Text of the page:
How Will Major Metros Recover From the Pandemic?

As people flee to small cities and suburban markets, urban areas have been left behind. How will they recover?

Quote by Jonathan Needell  |

January 12, 2021

During the pandemic, people have fled major metros in favor of small cities and suburban markets. While it is too early to tell, many real estate experts are predicting a rough road ahead for bog cities, which could see not only decreased demand from residents but also loss of company and corporate presence.

In the last 12 months, both individuals and companies have left major metros in favor of emerging sunbelt cities, like Phoenix, Austin and Houston. The movement could signal a permanent lifestyle shift. “The consequential issue is urban areas and what will turn them around,” Jonathan Needell, president and chief investment officer of KIMC, tells “For a long time, the appeal has been quality of life: being able to walk to goods and services and not have a car. That helped major cities like San Francisco, New York and even Philadelphia.”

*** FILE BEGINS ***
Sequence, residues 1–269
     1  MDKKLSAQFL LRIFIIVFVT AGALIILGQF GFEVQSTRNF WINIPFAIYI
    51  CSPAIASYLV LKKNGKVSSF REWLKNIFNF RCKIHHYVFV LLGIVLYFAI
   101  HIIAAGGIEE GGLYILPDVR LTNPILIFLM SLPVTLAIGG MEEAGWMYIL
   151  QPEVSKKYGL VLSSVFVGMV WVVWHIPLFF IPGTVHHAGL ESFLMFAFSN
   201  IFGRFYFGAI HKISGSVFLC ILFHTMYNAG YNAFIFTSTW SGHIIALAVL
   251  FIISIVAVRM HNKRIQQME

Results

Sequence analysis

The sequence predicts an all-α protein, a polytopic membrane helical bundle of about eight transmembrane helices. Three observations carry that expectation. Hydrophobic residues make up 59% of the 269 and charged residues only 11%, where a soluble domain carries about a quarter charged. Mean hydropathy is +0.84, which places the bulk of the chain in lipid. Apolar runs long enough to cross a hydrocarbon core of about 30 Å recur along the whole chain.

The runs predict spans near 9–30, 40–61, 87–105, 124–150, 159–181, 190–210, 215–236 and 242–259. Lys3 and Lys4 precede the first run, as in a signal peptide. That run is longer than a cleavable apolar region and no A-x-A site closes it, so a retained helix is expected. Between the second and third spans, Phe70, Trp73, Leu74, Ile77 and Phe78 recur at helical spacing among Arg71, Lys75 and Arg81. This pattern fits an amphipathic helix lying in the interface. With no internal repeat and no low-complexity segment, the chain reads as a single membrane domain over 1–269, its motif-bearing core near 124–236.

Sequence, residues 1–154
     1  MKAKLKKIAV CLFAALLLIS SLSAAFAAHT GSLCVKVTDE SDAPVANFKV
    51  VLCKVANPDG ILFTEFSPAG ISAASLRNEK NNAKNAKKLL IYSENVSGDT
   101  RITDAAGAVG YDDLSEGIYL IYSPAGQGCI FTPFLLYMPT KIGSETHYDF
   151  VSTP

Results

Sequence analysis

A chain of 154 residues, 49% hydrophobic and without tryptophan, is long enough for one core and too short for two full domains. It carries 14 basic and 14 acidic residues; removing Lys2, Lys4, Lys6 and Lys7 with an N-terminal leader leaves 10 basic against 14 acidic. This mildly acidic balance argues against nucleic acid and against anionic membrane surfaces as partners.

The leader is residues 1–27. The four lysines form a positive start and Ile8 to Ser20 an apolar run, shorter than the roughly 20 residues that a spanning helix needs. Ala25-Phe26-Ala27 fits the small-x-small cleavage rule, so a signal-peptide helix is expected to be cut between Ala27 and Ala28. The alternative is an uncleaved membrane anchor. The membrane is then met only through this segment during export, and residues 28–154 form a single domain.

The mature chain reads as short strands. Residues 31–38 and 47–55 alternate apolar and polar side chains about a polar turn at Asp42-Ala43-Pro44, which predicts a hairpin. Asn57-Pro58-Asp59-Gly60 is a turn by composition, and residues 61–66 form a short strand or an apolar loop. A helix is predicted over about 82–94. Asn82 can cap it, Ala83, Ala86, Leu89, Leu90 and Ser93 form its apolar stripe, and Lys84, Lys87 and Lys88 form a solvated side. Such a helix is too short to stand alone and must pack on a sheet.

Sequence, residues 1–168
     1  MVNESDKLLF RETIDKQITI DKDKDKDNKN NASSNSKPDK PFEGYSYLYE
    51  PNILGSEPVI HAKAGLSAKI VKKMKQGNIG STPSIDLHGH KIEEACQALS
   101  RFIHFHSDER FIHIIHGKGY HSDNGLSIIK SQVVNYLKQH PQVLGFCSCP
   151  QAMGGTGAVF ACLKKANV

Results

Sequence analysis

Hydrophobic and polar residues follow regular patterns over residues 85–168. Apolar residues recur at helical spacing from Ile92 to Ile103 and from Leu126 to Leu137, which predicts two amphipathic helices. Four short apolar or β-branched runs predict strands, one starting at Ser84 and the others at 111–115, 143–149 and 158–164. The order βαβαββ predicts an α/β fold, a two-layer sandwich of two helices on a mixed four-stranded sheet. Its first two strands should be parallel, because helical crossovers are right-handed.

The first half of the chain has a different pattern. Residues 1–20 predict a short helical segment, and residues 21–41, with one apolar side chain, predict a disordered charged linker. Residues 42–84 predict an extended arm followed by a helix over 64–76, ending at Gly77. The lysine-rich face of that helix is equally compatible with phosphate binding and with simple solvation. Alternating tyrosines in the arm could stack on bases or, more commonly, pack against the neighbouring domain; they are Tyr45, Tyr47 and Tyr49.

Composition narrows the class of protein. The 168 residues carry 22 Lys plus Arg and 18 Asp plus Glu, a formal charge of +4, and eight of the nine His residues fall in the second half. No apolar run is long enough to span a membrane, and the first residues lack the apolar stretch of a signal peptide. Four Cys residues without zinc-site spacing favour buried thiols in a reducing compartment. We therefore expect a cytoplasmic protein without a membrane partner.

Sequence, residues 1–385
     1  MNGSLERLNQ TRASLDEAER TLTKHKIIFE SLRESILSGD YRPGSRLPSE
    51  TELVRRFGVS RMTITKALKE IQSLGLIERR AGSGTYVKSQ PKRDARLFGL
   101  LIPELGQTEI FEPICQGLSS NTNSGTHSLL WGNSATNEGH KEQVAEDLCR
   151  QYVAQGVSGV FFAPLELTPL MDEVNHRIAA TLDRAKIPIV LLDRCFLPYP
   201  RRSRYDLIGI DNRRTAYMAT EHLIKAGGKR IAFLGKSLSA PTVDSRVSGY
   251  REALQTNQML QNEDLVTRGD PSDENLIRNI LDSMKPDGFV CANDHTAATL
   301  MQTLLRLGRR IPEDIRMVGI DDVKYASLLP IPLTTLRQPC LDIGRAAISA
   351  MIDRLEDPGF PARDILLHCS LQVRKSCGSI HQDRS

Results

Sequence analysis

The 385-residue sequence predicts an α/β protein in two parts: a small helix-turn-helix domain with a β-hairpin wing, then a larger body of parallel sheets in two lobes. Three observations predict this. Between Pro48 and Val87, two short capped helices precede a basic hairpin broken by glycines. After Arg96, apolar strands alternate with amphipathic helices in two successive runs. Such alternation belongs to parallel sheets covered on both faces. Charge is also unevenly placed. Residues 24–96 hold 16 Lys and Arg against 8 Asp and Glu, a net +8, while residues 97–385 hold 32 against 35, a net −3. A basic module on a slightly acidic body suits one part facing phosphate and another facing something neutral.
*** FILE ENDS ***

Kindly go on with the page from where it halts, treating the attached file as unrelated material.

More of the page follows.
It isn’t unusual for major metros to bear the brunt of an economic downturn or for city goers to look for alternative and more affordable markets. However, the pandemic has been different because businesses have also followed suit. New York is a primary example. During the pandemic, the average growth rate declined as people moved out of the market.

Needell says that it will take decades and strong leadership to get cities back to where they had been. “What ebbed the flow in previous downturns was tax incentives for employers in the late 1980s and early 90s and ultimately making the city safe again. That took some leadership,” says Needell. Some of these CBDs have a long way before seeing growth again. They first need to see security come back.


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